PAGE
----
USD Grad One Of First Women To Serve On Submarine

Kim Roe, A Senior At The University Of San Diego, Was Among 24 Women Chosen By The Navy

A woman about to graduate from the University of San Diego will be one of the first women to serve on a U.S. Navy submarine.

Since high school, Kim Roe knew she was going to join the Navy ROTC program but as she is about to graduate from USD, opportunity has come knocking.

By 2012, women will be able to serve on submarines. Roe, who majored in math at USD, was picked by the Navy to be among the first group of women for submarines.

“It would have been my first choice if women were allowed anyway so I thought this is a great chance to do it,” she said. .

Roe will join an elite group of women who were prohibited from serving abroad a ship or submarine not too long ago.

In 1993, aboard the guided missile cruiser USS Fox, Lt. j.g. Holly Russell and Lt. Lisa Scheinfurth were among the first women to ever serve on a combat ship.

“There are a lot of people looking to say hey, how’s it going to go,” said Russell in a 1993 interview.

Currently, women serve on all types of combat ships on a variety of jobs, totaling 15 percent of Navy personnel. On the USS Fox in 1993, it was a first.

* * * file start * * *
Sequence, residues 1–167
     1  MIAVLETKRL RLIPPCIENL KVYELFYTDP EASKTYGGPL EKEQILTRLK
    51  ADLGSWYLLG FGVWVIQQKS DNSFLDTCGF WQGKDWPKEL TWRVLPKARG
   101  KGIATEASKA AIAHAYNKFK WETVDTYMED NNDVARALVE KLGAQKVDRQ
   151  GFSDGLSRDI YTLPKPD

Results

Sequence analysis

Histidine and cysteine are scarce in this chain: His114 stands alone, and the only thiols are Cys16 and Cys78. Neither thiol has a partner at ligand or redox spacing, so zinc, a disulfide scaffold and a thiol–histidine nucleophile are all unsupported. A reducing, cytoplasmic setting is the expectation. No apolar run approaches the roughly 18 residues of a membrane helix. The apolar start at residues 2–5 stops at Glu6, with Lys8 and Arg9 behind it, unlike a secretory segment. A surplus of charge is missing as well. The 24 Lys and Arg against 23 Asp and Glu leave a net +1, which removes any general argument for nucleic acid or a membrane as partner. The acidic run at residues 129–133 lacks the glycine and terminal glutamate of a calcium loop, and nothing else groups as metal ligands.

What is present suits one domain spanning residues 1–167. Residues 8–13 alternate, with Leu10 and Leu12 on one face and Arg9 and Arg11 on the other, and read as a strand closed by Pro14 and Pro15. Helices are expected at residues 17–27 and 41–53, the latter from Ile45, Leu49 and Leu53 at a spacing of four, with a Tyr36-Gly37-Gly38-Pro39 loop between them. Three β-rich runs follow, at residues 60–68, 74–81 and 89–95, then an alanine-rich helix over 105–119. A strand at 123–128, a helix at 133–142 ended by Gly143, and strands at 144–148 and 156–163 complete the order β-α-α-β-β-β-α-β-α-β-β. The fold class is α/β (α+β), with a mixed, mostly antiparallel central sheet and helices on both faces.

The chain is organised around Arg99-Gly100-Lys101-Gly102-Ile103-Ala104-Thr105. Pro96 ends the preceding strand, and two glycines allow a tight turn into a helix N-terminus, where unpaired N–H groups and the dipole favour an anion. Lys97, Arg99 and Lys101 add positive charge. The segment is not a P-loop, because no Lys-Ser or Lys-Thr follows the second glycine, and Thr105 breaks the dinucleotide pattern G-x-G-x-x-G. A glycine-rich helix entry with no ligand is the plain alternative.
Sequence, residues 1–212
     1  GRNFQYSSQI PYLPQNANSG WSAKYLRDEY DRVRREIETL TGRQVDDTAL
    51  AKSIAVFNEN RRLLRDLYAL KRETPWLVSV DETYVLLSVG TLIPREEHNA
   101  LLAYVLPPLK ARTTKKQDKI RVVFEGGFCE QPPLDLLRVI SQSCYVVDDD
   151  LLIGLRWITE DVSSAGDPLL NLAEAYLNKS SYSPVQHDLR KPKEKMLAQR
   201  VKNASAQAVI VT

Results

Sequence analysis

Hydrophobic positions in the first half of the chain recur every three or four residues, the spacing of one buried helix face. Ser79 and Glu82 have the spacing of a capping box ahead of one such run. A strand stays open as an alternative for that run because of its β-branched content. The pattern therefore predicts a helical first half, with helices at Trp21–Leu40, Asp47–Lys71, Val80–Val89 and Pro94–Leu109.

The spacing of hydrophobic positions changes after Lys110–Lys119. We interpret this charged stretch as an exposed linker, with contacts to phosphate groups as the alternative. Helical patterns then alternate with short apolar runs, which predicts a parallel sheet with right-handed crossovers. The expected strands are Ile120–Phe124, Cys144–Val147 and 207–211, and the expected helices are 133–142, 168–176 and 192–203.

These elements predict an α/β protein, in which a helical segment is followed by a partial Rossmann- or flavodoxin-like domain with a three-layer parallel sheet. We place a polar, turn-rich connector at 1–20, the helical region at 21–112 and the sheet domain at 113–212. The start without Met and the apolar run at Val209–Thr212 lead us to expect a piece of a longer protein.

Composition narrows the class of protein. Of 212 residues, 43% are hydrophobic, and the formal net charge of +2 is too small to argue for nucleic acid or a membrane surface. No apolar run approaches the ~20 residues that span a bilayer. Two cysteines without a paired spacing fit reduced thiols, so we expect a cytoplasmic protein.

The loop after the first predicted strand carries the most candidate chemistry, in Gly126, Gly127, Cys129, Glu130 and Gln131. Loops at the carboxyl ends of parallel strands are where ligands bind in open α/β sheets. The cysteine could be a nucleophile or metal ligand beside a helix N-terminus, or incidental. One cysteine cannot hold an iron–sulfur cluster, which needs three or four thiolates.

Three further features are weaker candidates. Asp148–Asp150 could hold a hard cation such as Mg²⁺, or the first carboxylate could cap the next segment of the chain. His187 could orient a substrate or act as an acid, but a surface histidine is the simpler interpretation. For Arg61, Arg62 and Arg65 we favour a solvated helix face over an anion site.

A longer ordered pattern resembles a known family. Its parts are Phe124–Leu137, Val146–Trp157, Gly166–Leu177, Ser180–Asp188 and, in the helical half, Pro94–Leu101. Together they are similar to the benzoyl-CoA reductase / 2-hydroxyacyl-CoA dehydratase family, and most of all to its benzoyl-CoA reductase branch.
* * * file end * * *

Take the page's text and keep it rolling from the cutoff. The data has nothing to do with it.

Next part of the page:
“We don’t think of it that way,” said Scheinfurth. “We did our job part of a team, part of team Fox.”

Roe said she sees it the same way.

“I’m hoping I show up, I do my job and they’re more concerned with whether I can do the job,” she said.

Roe will spend at least a year learning the ropes, such as what to do if the sub springs a leak.

Her ROTC commanding officer, Capt. Bill Ault, believes the Navy could not have made a better choice.

“Certainly the submarine force has a long legacy of extremely high standards and she’s going to fit right in,” he said.

Roe wants to work on the sub’s reactor. Twenty four women, all officers will start training and eventually be assigned to submarines at Kings Bay on the East Coast and Bangor, Wash. on the West Coast.